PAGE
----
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November 05, 1983 - Image 1

Resource type:
The Michigan Daily, 1983-11-05

Disclaimer: Computer generated plain text may have errors. Read more about this.


Ninety-four Years
Editorial Freedom

. E

Lit t

i Iai1Q

Partly sunny today with a high in
the low 50s. Getting cloudier
tonight, dropping to the mid-20s.


Vol. XCIV-No. 52

Copyright 1983, The Michigan Daily

Ann Arbor, Michigan - Saturday, November 5, 1983

Fifteen Cents

Eight Pages

Trk b b



Israeli base

TYRE, Lebanon (AP)-A suicide terrorist raced
his "truck bomb" through a wall of gunfire and
blew up an Israeli command post yesterday, in a
grisly replay of the Beirut Marine attack. At least
29 Israelis and 10 Arab prisoners were reported
Israel lashed out swiftly in reprisal, sending
waves of warplanes against Arab targets in
Lebanon. As many as 60 people were killed in the
air strikes, Lebanese reports said.
RESPONSIBILITY for the bombing of the
Israeli headquarters here was claimed by a group
calling itself "Islamic Holy War," state-run
Beirut radio said.
This same shadowy Shiite Moslem extremist
group, professing allegiance to Iran's
revolutionary leader Ayatollah Ruhollah
Khomeini, had claimed responsibility for three
earlier truck bombings-the attack on the U.S.
Embassy in Beirut last April, which killed 17
Americans and p2 others, and the twin bombings
of U.S. Marine and French military command
posts in Beirut Oct. 23, which killed at least 230
Americans and 58 French soldiers.
An anonymous telephone caller told the French
news agency in Beirut that yesterday's bombing
was carried out in retaliation for Israel's con-
tinued occupation of southern Lebanon and the
arrests of Shiite Moslems here, Beirut radio said.
YESTERDAY'S killer struck at about 6 a.m. as
Israeli soldiers, border policemen and civilian
security men slept in the two-building, L-shaped
compound, which served as a security base for

policing the Tyre area, 12 miles north of the Israeli
The pick-up truck, carrying about 1,000 pounds
of explosives, passed three unmanned checkpoints
on the Mediterranean coastal road, and then
veered off toward the compound, Col. Yona Gazit
of the Israeli northern command told reporters.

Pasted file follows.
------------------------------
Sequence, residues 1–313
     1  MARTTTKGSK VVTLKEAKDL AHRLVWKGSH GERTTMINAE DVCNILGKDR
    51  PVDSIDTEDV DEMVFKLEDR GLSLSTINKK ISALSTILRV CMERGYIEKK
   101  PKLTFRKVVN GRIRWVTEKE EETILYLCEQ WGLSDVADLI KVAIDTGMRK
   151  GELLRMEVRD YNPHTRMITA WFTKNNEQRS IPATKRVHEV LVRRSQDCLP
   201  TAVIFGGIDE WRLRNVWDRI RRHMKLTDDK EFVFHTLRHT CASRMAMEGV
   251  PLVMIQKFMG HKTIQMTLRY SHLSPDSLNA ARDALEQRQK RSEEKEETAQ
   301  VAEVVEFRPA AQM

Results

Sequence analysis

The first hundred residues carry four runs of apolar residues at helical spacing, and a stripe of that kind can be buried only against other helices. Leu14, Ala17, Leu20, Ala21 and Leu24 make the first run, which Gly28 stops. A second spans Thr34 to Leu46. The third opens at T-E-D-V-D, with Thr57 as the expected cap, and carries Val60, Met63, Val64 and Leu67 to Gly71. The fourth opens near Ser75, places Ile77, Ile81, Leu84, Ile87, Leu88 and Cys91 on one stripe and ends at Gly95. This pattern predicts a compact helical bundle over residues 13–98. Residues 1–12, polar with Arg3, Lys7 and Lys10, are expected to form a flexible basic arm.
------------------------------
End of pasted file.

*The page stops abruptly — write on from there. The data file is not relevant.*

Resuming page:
"The sentries at two posts opened fire as it
crossed through the barrier into the compound,"
he said. "The driver was hit but the truck rolled
on. Just before reaching the two buildings it ex-
FARTHER NORTH, outside the port of Tripoli,
fighting raged on for a second day between Syrian-
backed PLO mutineers and Yasser Arafat's
loyalists. At least 200 people were reported killed
And, as -this bloodsoaked land was convulsed
anew, Lebanese peace talks recessed in Geneva,
Switzerland, for 1 weeks.
The Israeli military command in Tel Aviv
reported 29 Israelis killed in the Tyre blast, along
with 10 of several dozen Palestinians and
Lebanese under detention at the Israeli com-
pound. Beirut's state-run radio earlier said 25
Arab prisoners were killed.
THE TEL AVIV command said another 29
Israelis and three Arab detainees were wounded.
Through the day, cranes, bulldozers and
soldiers with blowtorches worked at the bombing
Through the day, cranes, bulldozers and
soldiers with blowtorches worked at the bombing
r See TERRORIST, Page 2

Daily Photo by DEBORAH LEWIS
Student entrepeneur Jeff Gelman stands by some of the games which have helped him take care of his tuition payments. Gelman
formed his video game business last year.
Studenthentrepreneur scores
hi*gh wi- th video gam e profis

Jeff Gelman rides around town:in a silver
1983 Trans Am, but he's looking at a Porsche.
The money he makes takes care of his out-of-
state tuition - and a whole lot more.
Gelman doesn't much like to play video.
games, but he loves to see others drop quar-
ters in thti slot.
Amusements only last year, but his now
booming video game business already has
grossed him between $20,000 and $30,000, he
says. The business began when Gelman
bought four video games with a loan from a
friend. He put one in his own fraternity, and